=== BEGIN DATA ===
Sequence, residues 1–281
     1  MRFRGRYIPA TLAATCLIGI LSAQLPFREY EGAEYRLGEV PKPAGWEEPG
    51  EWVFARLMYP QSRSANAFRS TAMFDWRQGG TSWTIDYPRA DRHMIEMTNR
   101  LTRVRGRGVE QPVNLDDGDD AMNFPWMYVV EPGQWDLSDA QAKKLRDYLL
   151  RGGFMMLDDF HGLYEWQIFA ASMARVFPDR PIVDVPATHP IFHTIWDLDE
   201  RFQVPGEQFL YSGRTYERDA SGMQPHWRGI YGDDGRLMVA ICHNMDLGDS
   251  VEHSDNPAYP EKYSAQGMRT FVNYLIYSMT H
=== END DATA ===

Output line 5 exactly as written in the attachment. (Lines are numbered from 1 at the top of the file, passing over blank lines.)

   151  RGGFMMLDDF HGLYEWQIFA ASMARVFPDR PIVDVPATHP IFHTIWDLDE